Tyranny cannot defeat the power of ideas.
Helen Adams Keller (June 27, 1880 June 1, 1968) was an American author, political activist, and lecturer who was the first blind-deaf person to earn a Bachelor of Arts degree. With the help of her mentor, Anne Sullivan, she was able to overcome challenges and worked as an advocate for people with disabilities.
- She Also Did: Far from the floaty, unearthly image in which she has been portrayed, she was idealistic but by no means naive. She was a fervent Socialist and a supporter of Eugene Debs, the IWW, and the philosophy of Georgism. She spoke up for universal health care and for women's voting rights. She was an early member of the NAACP, scandalizing her very proper Southern family. A devout member of the Church of the New Jerusalem (Swedenborgianism), she believed that Christianity meant working to make this world better as well as faith in an afterlife. She also had strongly antiwar views and spoke out against the many wars during her lifetime. Less positively, Keller endorsed eugenics, believing that infants with severe physical and mental deformities should be euthanized at birth to prevent what she saw as a Fate Worse than Death for them.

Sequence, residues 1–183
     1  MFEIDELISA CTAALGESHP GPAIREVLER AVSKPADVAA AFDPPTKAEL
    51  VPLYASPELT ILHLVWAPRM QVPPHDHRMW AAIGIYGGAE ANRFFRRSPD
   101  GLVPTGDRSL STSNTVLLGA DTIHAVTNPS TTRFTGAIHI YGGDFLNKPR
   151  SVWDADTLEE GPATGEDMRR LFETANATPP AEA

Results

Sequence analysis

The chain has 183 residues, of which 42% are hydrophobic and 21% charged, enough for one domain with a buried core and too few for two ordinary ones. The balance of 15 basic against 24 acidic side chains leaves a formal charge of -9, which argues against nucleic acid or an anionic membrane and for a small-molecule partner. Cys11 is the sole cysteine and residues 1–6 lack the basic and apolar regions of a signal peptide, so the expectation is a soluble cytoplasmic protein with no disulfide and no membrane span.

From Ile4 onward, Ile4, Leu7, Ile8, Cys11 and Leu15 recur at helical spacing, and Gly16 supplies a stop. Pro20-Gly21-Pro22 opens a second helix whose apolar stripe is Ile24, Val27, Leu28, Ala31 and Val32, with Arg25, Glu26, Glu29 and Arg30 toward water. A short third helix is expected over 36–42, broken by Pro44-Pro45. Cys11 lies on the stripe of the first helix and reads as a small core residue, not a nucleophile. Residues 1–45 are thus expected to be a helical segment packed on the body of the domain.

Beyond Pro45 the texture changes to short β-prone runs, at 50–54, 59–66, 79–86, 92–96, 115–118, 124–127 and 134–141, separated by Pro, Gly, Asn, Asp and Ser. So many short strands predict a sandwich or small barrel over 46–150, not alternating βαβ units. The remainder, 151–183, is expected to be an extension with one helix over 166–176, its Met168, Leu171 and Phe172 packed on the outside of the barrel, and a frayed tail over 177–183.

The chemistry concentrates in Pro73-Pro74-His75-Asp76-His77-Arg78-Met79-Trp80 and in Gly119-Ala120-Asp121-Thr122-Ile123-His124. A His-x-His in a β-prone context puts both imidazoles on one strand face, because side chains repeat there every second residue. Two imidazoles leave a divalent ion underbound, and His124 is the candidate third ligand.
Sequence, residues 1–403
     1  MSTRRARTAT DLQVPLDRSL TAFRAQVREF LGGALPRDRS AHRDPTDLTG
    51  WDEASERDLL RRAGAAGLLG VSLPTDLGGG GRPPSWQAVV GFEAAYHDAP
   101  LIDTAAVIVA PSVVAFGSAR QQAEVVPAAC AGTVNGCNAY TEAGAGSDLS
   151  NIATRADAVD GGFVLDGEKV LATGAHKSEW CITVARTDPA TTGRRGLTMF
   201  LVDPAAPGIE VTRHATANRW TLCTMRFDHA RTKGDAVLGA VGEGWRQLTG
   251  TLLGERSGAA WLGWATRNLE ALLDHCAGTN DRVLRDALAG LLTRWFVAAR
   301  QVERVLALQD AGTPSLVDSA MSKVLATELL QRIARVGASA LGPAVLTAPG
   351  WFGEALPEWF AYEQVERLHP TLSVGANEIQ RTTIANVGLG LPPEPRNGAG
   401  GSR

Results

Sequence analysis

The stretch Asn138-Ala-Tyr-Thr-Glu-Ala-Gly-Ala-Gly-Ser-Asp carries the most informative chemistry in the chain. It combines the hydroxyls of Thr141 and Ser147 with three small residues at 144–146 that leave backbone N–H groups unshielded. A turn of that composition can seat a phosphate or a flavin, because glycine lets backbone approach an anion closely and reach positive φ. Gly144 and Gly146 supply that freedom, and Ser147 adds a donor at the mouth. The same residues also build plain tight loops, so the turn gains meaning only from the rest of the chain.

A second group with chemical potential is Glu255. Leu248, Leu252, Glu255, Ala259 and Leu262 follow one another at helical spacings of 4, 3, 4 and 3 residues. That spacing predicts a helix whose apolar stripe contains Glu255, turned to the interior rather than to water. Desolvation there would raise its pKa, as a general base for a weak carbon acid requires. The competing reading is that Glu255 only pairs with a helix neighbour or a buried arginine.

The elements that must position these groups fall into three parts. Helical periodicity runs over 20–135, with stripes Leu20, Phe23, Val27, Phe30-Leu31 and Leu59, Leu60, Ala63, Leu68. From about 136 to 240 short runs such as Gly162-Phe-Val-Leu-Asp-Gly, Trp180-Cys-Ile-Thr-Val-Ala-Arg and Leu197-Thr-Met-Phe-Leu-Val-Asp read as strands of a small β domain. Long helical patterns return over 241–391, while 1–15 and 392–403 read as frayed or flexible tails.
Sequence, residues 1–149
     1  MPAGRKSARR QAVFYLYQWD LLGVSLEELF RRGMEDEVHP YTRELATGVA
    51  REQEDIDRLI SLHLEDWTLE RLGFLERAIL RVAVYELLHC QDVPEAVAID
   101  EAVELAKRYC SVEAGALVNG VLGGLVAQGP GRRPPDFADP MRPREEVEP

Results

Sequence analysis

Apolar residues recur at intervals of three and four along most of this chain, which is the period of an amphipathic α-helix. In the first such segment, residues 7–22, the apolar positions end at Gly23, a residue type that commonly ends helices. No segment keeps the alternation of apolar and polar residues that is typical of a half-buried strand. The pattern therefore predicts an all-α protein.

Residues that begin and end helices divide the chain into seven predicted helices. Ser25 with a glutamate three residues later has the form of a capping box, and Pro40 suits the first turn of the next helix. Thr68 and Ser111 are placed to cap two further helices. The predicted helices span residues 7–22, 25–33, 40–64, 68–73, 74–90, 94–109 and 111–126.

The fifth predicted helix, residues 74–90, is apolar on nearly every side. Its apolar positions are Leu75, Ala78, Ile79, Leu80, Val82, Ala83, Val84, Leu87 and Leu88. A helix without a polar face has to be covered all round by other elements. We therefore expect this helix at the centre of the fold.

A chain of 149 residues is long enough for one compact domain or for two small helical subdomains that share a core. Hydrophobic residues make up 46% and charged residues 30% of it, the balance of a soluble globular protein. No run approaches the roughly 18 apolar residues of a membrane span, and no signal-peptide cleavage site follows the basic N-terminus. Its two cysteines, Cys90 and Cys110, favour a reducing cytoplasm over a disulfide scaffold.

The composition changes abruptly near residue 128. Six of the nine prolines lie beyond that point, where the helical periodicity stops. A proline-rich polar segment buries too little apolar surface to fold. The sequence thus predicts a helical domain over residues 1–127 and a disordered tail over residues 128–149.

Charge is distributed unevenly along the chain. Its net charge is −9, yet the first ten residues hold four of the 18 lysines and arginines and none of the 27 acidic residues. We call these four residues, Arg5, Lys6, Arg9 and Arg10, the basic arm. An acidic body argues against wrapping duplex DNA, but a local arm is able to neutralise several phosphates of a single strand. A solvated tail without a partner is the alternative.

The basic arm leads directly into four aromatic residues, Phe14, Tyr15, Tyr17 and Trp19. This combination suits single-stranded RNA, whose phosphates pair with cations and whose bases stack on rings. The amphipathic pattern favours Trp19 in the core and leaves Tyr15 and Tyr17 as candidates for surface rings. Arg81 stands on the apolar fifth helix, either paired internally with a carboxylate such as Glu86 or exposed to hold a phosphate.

She died in 1968 at the age of 87.
Books she had written
- The Frost King, 1892.
- The Story Of My Life with Sullivan and John Macy, 1902.
- The World I Live In, 1908.
- Song of the Stone Wall, an epic poem, 1910.
- Ouf Of The Dark (series of essays), 1913.
- Light In My Darkness (originally My Religion), 1927.